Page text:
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4 Diseases You Had No Idea Could Be Contagious

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Wash your hands before you eat, cover your mouth when you sneeze, opt for the fist-bump over the handshake…you know all the ways to protect yourself from commonly contagious sickness. But there are some conditions that antibacterial soap or a tissue can’t protect you from. Here, 4 things you never knew you could catch:

You can floss, brush, and avoid sweets all you want, but if your mate doesn’t follow the same routine, you could fall victim to his or her poor dental hygiene. Researchers from the University of Helsinki, in Finland, found that oral bacteria that cause periodontis, gingivitis, and dental caries (aka cavities) can be passed between adults living in close contact with each other. Ick. The study, published in the journal Oral Microbiology and Immunology, followed 20 married couples, ages 37 to 70 years old, who had been married for at least 10 years. In four of the couples, both members had bacteria associated with periodontis and gingivitis. Three of those couples also harbored mutans streptococci bacteria (the main cause of cavities). Researchers found that the specific DNA of the bacteria was similar between members of a couple, yet different between unrelated subjects, suggesting transmission of the oral bacteria between spouses.

Dental Cavities

No, you cannot catch cancer from someone suffering from the disease—but you can catch the human papilloma virus (HPV), seriously increasing your risk of developing cancers of the cervix, penis, anus, mouth, and throat. According to research from Duke University, more than 6 million people in the US become infected with HPV each year (the disease spreads through sexual contact with an infected person). And while most people can clear the infection on their own within 1 to 2 years with little or no symptoms, the infection persists in some people—and the longer the infection persists, the more likely it is to lead to cancer.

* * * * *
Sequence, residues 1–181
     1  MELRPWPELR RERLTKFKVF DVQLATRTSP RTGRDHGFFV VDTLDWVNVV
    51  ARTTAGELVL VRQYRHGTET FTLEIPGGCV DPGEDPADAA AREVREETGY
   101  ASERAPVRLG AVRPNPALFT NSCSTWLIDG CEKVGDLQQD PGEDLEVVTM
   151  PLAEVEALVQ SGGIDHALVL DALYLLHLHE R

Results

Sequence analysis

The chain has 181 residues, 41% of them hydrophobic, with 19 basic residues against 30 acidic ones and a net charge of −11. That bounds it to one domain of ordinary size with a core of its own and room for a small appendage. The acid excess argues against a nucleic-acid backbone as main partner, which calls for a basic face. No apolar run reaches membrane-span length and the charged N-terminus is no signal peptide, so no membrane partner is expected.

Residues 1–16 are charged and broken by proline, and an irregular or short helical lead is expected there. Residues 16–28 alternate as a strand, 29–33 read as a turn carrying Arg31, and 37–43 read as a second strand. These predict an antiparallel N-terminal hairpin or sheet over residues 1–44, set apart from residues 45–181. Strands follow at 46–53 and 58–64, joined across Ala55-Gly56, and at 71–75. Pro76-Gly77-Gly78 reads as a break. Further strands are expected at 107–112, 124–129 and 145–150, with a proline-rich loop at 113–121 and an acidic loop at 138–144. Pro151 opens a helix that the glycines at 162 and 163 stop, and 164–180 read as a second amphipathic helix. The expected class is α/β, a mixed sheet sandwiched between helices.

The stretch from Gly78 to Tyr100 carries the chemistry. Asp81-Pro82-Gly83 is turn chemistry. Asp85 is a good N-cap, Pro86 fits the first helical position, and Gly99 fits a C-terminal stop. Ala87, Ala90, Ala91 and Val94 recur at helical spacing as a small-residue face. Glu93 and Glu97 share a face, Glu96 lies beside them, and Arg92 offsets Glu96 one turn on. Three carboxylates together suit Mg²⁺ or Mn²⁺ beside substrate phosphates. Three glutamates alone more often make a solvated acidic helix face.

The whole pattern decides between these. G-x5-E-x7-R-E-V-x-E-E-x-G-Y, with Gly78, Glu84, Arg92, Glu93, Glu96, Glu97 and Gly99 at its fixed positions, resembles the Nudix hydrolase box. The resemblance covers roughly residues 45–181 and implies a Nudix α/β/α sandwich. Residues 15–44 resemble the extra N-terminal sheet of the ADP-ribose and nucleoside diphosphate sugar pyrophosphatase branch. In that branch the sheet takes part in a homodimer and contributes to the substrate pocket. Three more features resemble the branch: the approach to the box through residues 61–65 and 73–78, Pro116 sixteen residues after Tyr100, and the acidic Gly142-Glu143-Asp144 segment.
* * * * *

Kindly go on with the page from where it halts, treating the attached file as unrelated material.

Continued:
Human papiloma Virus

Autoimmune Disease 
As if living with celiac disease isn’t miserable enough, those battling the gluten allergy may need to worry about exposing their loved ones. According to research published in the journal Clinical Gastroenterology and Hepatology, first-degree relatives and spouses of those with celiac disease are at an increased risk of developing nonceliac autoimmune disease, like Crohn’s disease, psoriasis, rheumatoid arthritis, lupus, or ulcerative colitis. Researchers found that over a 10-year period, 4.3% of celiac relatives and spouses developed nonceliac autoimmune disease, compared with 3.3% of relatives of control subjects (those without celiac disease). Researchers speculate that the susceptibility is a result of sharing gut bacteria.

Autoimmune Arthritis


Call it infectobesity: Turkish researchers recently discovered a virus in the adipose tissue (body fat) of obese adults: human adenovirus-36 (Ad-36). People exposed to Ad-36 are 300 times more likely to be obese than those who haven’t been exposed. Worldwide, more than 15,000 people in nine different countries have been tested for antibodies to the virus (usually the body fights off the virus, but the damage is already done), and with remarkable consistency, people who are obese are far more likely to show signs of infection.